The Venus of Willendorf

Illustration

Jessica Liew
by Oke
published on 07 July 2017
The Venus of Willendorf

Found in Willendorf, Austria in 1908 CE, the Venus of Willendorf is a limestone statuette likely carved between 24,000 and 22,000 years ago, making it one of the oldest pieces of art in the world. The faceless, voluptuous, female figure is considered typical of this type of pre-historic art though surviving examples are rare. The 11.1 cm figurine would easily fit in the palm of the hand, allowing for easy transport by the nomadic peoples of Ice Age Europe and a possible indication that it may have been used in some sort of fertility ritual. Today, the Venus of Willendorf can be viewed at the Naturhistorisches Museum in Vienna.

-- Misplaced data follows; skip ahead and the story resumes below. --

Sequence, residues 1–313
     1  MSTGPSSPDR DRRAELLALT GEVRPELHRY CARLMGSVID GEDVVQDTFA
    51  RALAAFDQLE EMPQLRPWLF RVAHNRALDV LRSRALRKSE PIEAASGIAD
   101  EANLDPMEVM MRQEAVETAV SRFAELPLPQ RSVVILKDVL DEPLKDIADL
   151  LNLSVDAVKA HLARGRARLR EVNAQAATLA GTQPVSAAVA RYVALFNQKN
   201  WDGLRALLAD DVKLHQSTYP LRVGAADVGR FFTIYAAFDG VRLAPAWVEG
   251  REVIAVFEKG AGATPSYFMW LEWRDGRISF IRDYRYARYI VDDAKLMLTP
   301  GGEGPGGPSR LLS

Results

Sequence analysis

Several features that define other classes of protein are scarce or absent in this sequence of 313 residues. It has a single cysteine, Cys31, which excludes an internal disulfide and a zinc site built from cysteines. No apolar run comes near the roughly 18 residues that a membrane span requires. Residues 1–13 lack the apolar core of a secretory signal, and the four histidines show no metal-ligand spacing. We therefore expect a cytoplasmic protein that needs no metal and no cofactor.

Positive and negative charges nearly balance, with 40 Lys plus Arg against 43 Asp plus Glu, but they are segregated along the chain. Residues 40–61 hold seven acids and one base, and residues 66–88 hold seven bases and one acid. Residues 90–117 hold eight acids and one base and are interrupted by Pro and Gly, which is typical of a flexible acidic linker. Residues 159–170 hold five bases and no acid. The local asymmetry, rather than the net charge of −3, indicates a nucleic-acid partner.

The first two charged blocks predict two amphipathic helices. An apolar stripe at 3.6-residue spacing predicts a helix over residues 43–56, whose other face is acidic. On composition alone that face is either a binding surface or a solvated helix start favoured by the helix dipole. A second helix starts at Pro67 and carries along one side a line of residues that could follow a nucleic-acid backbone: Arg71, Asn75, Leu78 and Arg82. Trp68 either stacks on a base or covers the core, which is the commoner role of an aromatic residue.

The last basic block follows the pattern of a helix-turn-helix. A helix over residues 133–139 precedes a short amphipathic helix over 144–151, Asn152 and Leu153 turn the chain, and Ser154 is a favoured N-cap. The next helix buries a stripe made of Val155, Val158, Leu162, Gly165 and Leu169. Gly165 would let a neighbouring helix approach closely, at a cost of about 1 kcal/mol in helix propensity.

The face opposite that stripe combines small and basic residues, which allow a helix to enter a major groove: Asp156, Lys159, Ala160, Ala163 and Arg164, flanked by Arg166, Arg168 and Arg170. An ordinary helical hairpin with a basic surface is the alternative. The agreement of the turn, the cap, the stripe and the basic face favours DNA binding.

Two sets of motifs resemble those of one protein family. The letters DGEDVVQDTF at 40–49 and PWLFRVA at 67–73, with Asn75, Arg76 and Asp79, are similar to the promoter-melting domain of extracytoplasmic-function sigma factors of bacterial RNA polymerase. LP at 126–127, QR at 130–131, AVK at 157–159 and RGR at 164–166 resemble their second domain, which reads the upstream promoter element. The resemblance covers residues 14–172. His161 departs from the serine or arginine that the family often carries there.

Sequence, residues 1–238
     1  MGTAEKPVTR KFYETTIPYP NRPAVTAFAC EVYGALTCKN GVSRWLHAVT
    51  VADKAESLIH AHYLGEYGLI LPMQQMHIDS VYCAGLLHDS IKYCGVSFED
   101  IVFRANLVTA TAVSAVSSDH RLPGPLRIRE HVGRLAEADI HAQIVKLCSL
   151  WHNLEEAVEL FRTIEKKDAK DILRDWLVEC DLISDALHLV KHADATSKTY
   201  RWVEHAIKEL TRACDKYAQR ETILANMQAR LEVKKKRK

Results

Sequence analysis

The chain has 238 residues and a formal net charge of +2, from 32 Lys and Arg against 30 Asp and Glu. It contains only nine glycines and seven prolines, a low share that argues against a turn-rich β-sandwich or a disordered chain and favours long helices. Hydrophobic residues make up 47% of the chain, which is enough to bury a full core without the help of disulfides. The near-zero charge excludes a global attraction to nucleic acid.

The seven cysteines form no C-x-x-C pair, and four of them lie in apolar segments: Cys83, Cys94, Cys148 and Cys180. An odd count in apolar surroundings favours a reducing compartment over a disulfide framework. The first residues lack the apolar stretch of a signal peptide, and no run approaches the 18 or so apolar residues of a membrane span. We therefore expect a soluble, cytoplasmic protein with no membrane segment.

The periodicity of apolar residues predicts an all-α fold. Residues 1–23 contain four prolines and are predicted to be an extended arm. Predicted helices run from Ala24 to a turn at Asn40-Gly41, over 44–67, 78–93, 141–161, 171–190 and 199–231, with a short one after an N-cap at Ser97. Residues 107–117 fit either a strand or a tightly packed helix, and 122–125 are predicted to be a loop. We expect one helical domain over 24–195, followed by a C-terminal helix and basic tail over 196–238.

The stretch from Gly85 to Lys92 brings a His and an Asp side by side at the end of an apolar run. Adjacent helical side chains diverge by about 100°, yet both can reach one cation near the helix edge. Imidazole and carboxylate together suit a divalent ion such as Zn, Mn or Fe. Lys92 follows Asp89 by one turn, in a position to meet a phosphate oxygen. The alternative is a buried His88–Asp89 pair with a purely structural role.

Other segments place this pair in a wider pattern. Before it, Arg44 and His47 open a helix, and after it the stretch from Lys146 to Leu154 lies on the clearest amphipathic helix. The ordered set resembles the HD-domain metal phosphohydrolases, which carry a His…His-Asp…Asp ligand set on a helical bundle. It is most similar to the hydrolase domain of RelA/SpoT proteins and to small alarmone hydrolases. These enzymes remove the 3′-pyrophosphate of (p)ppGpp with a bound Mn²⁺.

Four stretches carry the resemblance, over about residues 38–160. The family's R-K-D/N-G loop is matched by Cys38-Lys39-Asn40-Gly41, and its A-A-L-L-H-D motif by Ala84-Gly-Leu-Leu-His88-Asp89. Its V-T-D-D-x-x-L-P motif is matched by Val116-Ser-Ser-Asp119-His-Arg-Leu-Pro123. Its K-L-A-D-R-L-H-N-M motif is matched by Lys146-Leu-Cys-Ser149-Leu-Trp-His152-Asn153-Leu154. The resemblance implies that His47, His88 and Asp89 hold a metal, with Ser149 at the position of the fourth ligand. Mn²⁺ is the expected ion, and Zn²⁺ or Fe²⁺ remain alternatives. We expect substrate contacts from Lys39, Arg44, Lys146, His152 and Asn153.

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Cite This Work

APA Style

Oke, . (2017, July 07). The Venus of Willendorf. Ancient History Encyclopedia. Retrieved from https://www.ancient.eu/image/6865/

Chicago Style

Oke, . "The Venus of Willendorf." Ancient History Encyclopedia. Last modified July 07, 2017. https://www.ancient.eu/image/6865/.

MLA Style

Oke, . "The Venus of Willendorf." Ancient History Encyclopedia. Ancient History Encyclopedia, 07 Jul 2017. Web. 17 Aug 2019.

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